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The Thrilling western

riding sport of

Horse Reining

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Riding for Sport: Reining

Reining is a popular equestrian sport, displaying horses and
riders in a graceful yet exciting manner.

Like all western riding sports, reining had its start on the
ranch. Cowboys who had to herd cattle, rope calves, and ride long
distances needed reliable, agile and obedient horses.

Unlike the City Slicker, cowpokes from the famous movie, in the
olden days riders did not collapse by the campfire with a bottle
of liniment, but were likely to engage in riding sports,
competing with one another to see who had the fastest horse, who
had the most obedient horse or who could do the best tricks.

Out of these cowboy contests came the elegant and exciting sport
of reining. Today, the skills of the horse and rider are
displayed in the riding of patterns around an arena. These
involve a variety of movements that must be chained together in a
graceful sequence with no observable resistance on the horse's

Reining has been called the "dressage of Western Riding," with a
distinctly hard-driving, sliding, spinning flavor. Its purpose is
to show the horse's smoothness, finesse, obedience and attitude.
Reining is quickly gaining international support as a horseback
riding sport that is likely to achieve Olympic status.

Tack and Turnout for Reining

Reining may be a rough sport, but a little class and good looks
are needed to win the judges.

Rider: Most western riding sports don't require any special
attire aside from a long-sleeved shirt (cotton in summer, wool in
colder weather), a hat or helmet and western boots. Western
clothing and turnout are not judged, but "proper" attire gives a
professional look. Spurs, chaps (only leather is "cool") and
helmets are optional. Many reiners wouldn't be caught dead
without their spurs, but some beginners have trouble climbing
stairs and driving vehicles with spurs on!

In all cases, polished boots, neat clothing and a smart felt hat
improve the western rider's appearance. A straw hat is cooler in
summer, but is easier to lose in the heat of competition. Judges
never deduct points for a flying hat, but it often distracts the
rider and may affect performance.

Horse: Reining requires a western saddle. You can use any Western
headstall without a noseband in conjunction with any standard
Western bit. Split or normal reins are required as is a curb bit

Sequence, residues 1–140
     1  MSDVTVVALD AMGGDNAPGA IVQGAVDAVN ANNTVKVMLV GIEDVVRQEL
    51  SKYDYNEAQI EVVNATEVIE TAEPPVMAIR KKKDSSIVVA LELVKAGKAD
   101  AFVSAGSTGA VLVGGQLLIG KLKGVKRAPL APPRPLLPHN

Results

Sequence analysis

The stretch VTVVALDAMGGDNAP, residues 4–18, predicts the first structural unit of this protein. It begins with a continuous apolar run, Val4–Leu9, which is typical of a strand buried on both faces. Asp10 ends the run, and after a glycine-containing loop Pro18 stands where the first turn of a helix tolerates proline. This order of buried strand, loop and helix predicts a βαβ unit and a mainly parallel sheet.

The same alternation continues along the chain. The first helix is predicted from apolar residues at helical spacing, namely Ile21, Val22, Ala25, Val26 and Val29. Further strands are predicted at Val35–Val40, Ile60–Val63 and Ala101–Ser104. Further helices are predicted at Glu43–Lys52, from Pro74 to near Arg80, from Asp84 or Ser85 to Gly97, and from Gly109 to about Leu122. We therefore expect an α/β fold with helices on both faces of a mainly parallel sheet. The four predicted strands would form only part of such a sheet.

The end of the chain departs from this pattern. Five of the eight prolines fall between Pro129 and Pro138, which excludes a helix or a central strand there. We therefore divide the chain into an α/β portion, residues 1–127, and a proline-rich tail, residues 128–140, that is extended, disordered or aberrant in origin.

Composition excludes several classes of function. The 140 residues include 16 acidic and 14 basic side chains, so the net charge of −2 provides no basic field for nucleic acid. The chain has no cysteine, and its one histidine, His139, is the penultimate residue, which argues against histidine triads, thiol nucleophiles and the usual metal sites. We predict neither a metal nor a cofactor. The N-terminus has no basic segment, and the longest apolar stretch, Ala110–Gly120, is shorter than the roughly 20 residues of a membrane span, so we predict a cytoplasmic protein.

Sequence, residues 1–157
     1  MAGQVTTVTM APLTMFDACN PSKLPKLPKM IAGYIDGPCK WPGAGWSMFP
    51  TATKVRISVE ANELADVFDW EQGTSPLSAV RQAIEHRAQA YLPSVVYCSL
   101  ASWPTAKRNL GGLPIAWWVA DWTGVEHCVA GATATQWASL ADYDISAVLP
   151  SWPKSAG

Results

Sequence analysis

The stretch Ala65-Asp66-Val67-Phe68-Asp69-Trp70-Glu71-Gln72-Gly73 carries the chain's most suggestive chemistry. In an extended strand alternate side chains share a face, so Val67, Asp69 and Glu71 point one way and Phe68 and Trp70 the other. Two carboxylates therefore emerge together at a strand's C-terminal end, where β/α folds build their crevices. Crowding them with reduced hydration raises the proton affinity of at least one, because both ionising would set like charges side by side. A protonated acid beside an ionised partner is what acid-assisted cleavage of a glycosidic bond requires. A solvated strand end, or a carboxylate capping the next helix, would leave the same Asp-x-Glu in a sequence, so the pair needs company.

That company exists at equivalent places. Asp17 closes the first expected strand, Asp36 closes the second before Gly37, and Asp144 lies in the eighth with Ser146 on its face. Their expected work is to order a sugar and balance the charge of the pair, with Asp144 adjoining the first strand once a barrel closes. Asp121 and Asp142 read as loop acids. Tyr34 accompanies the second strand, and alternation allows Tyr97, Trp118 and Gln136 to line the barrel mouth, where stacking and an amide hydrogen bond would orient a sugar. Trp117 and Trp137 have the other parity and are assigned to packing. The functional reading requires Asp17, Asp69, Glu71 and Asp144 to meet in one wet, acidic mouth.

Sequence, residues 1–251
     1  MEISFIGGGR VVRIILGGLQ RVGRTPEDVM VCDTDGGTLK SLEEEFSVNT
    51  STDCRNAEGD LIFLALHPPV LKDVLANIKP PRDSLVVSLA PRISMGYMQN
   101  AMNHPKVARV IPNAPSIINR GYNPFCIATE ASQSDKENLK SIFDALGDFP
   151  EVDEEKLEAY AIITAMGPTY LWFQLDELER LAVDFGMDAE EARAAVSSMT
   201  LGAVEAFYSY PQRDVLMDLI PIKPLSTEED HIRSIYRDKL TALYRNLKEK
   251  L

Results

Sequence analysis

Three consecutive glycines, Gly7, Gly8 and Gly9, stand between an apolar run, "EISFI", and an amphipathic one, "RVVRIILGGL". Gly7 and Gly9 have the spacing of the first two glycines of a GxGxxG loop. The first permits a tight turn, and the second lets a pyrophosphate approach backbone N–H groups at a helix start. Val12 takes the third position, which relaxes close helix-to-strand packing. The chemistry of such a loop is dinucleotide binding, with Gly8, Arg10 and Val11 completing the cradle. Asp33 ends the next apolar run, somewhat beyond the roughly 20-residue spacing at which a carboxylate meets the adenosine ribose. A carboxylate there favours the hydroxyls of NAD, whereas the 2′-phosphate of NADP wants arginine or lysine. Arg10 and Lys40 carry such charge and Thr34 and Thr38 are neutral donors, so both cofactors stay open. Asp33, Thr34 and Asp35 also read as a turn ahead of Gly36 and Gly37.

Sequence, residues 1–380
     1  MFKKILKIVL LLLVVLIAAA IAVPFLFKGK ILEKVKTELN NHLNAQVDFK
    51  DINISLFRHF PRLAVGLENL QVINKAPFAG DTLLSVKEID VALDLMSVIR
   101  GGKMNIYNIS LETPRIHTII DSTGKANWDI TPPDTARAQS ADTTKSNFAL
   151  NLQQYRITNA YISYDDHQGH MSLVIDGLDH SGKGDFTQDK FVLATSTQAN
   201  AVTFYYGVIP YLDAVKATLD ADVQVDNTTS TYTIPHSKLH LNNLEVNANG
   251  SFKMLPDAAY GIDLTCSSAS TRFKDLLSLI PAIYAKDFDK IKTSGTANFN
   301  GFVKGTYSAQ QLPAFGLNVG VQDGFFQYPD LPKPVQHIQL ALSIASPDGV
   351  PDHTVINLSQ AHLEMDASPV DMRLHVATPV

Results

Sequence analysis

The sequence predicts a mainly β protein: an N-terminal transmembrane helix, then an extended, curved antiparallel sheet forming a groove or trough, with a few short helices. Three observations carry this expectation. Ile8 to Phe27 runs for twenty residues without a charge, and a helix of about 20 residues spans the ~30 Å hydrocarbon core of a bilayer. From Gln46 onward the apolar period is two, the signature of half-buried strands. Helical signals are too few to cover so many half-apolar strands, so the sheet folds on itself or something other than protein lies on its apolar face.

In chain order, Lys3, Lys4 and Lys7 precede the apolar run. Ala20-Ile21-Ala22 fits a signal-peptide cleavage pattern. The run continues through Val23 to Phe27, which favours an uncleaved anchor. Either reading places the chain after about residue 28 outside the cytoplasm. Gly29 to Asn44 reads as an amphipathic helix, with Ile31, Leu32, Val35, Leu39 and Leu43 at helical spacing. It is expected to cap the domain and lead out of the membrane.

(a bit with a solid or broken mouthpiece with shanks). A rope (or
riata) is allowed, and your horse can wear leg wraps or boots.

The following items are prohibited: martingales, tiedowns,
nosebands, chinstraps narrower than 1/2-inch or mechanical
hackamores. Slip, gag, or donut bits and flat polo mouthpieces
are not allowed either. In some classes, three-piece mouthpieces
are prohibited.

Grooming for Reining Trials

If you're a beginner, the old pros might tease you by having you
believe that your horse should look "rugged" and "rode hard." But
if you show up at the starting point with a muddy, messy horse
and holes in your jeans, you'll probably stand out like a sore
thumb. Not that the judges care, but a little poise and
confidence are better for beginners. You needn't invest in
saddles and bridles that ooze silver and fancy saddle blankets
that match your shirt. What judges do notice is a rider who
appears to care a lot about his or her horse.

A Horse for Reining

To achieve the best, reining requires a well-fitted, well-trained

Can any horse be taught reining?: Yes. Some horses are bred
specifically for Western performance events, but as long as they
can handle the maneuvers, all horses benefit from the training.
Quarter Horses are among the most popular choices for reining and
excel at running short distances such as a quarter mile—hence the

Do I ride with both hands on the reins?: Only in the Snaffle Bit
or Hackamore classes for three- and four-year-olds. In most other
classes, one hand is used on the reins.

PATTERN 4 (from the AHSA Rulebook)

Beginning at the center of the arena facing the left wall or